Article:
Colorado Medical Societyhttps://www.cms.org//articles/physician-payment/
Physician paymentMonday, January 01, 2018
The Centers for Medicare and Medicaid Services has taken note of a trend indicating that when hospital employment of physicians increases, costs to Medicare also rise. The government is taking action through a proposed rule for “off-campus departments.”
Starting in 2018, the federal CMS proposes to reduce current fee schedule payment rates for non-excepted items and services furnished by off-campus hospital outpatient provider-based departments by 50 percent, changing the payment rate from 50 percent of the Hospital Outpatient Prospective Payment System payment rate to 25 percent of the OPPS rate. “CMS believes that this adjustment will encourage fairer competition between hospitals and physician practices by promoting greater payment alignment,” the agency said in a July 13, 2017 fact sheet.
As stated in the proposed rule published in the Federal Register on July 21, 2017, “for CY 2019 and for future years, we intend to examine the claims data in order to determine not only the appropriate PFS [physician fee schedule] Relativity Adjuster(s), but also to determine whether additional adjustments to the methodology are appropriate – especially with the goal of attaining site-neutral payments to promote a level playing field under Medicare between physician office settings and non-excepted off-campus PBD [provider-based department] settings, without regard to the kinds of services furnished by particular off-campus PBDs.”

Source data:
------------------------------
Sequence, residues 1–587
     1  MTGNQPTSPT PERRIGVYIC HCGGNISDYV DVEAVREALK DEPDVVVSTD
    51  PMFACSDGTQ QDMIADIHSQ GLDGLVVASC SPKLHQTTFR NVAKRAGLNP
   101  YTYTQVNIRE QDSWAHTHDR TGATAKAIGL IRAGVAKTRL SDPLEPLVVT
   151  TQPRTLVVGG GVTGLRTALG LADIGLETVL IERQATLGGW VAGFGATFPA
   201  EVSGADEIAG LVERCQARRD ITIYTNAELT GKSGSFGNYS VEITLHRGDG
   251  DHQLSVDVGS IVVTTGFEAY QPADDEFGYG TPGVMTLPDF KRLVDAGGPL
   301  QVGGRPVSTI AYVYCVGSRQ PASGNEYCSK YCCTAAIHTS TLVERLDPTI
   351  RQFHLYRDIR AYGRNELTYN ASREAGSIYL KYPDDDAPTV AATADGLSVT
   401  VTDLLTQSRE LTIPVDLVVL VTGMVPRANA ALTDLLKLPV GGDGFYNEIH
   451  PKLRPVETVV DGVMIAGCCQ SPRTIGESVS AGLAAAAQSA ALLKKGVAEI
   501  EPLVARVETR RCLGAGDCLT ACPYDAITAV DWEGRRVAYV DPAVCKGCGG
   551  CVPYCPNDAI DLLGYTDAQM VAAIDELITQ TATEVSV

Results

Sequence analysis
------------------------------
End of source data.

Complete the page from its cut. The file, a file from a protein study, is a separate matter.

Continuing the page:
Jennifer Souders, FACMPE, CPC, practice administrator for a family medicine practice, agrees with Medicare’s proposed rule, calling it “unfair” when employed physicians bill a hospital fee. Her practice is in the process of being acquired by a hospital system in early 2018. “I just think it isn’t in the spirit of true billing,” she said. “Just because you’re employed by a hospital doesn’t mean you’re in the hospital system. It doesn’t mean you can bend the rules.”
While it does cost more to run a hospital than a physician practice, she said the increased billing for off-campus departments was a loophole that the hospital systems used that will now be closed.
The difference in payment between independent physicians and employed physicians is stark. A study by the Physicians Advocacy Institute conducted by Avalere Health found that for four specific cardiology, orthopedic and gastroenterology services, physician employment has resulted in more than $3.1 billion in increased costs from 2012-2015. The Medicare program paid $2.7 billion more for these services in employed settings and Medicare beneficiaries faced $411 million more in financial responsibility for these services in these settings.
The authors concluded that when physicians are employed by hospitals or health systems they perform more services in a hospital outpatient department (HOPD) setting than independent physicians for a variety of reasons, including enhanced care coordination, reimbursement incentives, network access and specific HOPD assets. A higher proportion of services performed in a HOPD setting brings increased costs to the Medicare program and patients.
Between 2012 and 2015, the number of physicians employed by hospitals grew by 46,000 (49 percent) nationwide, and the number of physician practices employed by hospitals increased by 31,000 practices (86 percent). As the trends of employment continually increase, cost implications on Medicare and patients will continue to keep this issue in the spotlight.